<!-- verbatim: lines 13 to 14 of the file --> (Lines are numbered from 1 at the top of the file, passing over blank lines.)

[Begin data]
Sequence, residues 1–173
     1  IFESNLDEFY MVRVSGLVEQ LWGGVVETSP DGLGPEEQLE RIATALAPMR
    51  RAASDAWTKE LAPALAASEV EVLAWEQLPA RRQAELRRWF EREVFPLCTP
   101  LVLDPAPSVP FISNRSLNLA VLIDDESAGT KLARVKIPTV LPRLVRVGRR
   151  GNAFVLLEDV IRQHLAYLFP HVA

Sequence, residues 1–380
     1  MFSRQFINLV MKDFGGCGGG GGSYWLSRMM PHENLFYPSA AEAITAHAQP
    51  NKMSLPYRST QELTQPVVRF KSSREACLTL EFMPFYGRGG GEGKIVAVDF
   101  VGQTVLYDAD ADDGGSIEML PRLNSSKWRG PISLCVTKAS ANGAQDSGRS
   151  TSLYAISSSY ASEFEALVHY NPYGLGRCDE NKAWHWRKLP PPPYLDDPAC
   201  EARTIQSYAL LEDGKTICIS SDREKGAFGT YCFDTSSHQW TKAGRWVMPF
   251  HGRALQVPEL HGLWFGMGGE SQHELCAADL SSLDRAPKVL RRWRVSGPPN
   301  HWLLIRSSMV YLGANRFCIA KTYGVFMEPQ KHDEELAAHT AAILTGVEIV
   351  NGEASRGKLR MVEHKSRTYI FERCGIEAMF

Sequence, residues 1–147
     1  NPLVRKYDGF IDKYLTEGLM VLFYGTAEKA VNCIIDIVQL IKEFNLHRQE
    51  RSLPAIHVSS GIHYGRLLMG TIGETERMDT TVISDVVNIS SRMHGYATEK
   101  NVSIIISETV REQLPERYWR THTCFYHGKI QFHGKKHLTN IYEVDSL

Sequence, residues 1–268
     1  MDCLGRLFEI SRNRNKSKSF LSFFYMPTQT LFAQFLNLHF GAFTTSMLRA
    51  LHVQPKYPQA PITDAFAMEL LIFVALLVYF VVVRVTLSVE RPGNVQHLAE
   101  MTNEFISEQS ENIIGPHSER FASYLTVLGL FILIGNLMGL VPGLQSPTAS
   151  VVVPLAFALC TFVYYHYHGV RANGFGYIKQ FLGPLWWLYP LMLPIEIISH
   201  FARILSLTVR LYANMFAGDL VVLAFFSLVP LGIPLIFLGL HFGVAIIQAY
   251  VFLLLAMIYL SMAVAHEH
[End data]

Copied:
   301  HWLLIRSSMV YLGANRFCIA KTYGVFMEPQ KHDEELAAHT AAILTGVEIV
   351  NGEASRGKLR MVEHKSRTYI FERCGIEAMF